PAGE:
|Title||Homeopathy in the age of antimicrobial resistance: Is it a viable treatment for upper respiratory tract infections?|
Background: Acute upper respiratory tract infections (URTIs) and their complications are the most frequent cause of antibiotic prescribing in primary care. With multi-resistant organisms proliferating, appropriate alternative treatments to these conditions are urgently required. Homeopathy presents one solution, however there are many methods of homeopathic prescribing. This review of the literature considers firstly whether homeopathy offers a viable alternative therapeutic solution for acute upper respiratory tract infections (URTIs) and their complications and secondly how such homeopathic intervention might take place.
Method: Critical review of post 1994 clinical studies featuring homeopathic treatment of acute upper respiratory tract infections and their complications. Study design, treatment invention, cohort group, measurement and outcome were considered. Discussion focused on the extent to which homeopathy is used to treat URTIs; rate of improvement and tolerability of the treatment; complications of URTIs; prophylactic and long-term effects; the use of combination versus single homeopathic remedies.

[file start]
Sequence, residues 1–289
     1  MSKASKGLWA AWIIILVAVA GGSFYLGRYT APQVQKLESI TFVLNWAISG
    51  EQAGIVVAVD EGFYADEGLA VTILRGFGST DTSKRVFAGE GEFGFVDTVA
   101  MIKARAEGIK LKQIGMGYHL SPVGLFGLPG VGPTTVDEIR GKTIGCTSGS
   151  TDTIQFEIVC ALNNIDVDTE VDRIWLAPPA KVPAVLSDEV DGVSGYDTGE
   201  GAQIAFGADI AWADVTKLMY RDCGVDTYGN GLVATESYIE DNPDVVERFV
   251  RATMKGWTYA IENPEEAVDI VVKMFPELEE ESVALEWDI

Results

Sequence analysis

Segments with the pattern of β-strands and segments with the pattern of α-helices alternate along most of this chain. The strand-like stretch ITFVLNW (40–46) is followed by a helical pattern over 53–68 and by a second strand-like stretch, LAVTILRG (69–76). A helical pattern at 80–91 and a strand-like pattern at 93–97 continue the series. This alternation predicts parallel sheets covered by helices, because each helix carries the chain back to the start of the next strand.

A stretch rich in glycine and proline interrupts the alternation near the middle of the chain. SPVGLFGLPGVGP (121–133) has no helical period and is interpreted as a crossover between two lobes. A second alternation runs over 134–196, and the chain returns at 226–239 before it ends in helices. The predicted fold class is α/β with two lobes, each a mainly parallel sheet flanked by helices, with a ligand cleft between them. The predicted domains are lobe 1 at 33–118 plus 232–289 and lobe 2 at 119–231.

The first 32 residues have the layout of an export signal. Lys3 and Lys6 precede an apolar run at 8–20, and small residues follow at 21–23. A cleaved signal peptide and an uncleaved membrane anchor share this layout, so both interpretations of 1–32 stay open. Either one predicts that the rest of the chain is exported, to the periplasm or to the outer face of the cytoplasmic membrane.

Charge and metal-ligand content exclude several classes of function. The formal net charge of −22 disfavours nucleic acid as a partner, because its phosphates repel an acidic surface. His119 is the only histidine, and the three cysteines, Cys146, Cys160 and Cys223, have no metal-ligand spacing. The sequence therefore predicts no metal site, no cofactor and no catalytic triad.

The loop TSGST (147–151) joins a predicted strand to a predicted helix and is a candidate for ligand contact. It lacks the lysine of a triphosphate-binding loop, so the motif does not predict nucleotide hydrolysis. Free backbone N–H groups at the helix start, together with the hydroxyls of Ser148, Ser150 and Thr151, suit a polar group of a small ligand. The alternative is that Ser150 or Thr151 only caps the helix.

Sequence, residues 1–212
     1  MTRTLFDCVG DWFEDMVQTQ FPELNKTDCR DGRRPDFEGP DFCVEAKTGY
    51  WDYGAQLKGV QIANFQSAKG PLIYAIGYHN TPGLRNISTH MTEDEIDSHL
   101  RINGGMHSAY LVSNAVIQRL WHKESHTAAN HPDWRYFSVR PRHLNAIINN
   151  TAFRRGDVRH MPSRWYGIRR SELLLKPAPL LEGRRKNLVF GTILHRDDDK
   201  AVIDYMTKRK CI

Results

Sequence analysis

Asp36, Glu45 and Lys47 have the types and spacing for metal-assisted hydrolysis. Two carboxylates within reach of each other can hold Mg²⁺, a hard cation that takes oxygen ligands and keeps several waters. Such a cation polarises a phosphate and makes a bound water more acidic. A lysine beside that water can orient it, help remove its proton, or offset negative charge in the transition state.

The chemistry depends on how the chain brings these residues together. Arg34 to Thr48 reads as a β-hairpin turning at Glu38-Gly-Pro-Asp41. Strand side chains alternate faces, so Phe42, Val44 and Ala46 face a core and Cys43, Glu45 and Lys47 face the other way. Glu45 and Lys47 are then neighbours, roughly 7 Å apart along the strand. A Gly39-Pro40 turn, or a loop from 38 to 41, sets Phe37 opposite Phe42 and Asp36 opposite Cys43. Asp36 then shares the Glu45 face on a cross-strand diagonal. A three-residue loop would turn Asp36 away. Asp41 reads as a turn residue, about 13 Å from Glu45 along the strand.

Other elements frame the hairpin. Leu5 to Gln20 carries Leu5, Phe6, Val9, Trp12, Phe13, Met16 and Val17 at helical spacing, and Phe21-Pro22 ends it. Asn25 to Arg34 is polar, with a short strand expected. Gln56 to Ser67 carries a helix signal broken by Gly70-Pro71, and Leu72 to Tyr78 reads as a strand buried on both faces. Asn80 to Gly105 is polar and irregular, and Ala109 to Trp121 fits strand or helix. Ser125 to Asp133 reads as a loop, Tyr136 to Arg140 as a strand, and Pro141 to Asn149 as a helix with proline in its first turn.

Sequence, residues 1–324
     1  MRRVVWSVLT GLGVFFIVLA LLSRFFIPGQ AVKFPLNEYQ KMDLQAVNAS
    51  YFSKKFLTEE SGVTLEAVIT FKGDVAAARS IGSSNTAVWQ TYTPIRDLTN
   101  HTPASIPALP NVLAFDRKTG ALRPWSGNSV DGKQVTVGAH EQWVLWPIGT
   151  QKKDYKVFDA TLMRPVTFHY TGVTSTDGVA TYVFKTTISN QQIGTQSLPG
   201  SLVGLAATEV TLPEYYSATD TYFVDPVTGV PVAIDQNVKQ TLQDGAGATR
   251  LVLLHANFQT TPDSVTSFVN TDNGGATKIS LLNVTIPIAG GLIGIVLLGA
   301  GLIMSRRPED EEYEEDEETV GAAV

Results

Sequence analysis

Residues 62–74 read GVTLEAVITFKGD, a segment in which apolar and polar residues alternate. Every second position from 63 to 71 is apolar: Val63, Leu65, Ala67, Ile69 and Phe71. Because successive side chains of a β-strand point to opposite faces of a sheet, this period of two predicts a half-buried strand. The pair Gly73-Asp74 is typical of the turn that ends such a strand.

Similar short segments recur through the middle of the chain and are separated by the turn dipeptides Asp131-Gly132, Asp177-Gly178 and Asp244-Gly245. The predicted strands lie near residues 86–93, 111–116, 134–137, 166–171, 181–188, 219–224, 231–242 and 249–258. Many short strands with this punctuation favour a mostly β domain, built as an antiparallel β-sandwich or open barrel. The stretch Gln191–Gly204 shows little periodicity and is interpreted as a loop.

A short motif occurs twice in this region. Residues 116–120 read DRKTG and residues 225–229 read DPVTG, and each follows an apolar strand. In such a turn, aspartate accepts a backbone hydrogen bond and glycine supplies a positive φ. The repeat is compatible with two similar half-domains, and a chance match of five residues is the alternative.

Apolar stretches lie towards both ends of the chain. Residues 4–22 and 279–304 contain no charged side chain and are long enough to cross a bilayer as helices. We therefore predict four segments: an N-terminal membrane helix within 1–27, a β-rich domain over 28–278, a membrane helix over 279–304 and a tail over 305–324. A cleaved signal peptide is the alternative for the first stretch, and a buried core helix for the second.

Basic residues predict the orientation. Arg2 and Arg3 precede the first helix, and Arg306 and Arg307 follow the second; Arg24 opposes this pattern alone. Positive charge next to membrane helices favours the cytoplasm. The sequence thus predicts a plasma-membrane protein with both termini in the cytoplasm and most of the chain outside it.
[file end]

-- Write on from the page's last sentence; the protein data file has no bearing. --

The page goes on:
Results: Multiple peer review studies were found in which homeopathy had been used to treat upper respiratory tract infections and associated symptoms (cough, pharyngitis, tonsillitis, otitis media, acute sinusitis etc.). 9 RCTs and 8 report observational/ cohort studies were analysed, 7 of which were paediatric studies. 7 RCTs used combination remedies with multiple constituents. Results for homeopathy treatment were positive overall, with faster resolution, reduced use of antibiotics and possible prophylactic and longer-term benefits.
Conclusions: Variations in size, location, cohort and outcome measures make comparisons and generalisations concerning homeopathic clinical trials for URTIs problematic. Nevertheless, study findings suggest at least equivalence between homeopathy and conventional treatment for uncomplicated URTI cases, with fewer adverse events and potentially broader therapeutic outcomes. The use of non-individualised homeopathic compounds tailored for the pediatric population merits further investigation, including through cohort studies. In the light of antimicrobial resistance, homeopathy offers alternative strategies for minor infections and possible prevention of recurring URTIs.
|Keywords||homeopathy, antibiotic resistance, upper respiratory tract infections, clinical studies, combination remedies|
|Journal citation||107 (2), pp. 99-114|
|Accepted author manuscript|
|Digital Object Identifier (DOI)||doi:10.1055/s-0037-1621745|
|Published online||05 Feb 2018|
|Published||05 Feb 2018|
|License||CC BY-NC-ND 4.0|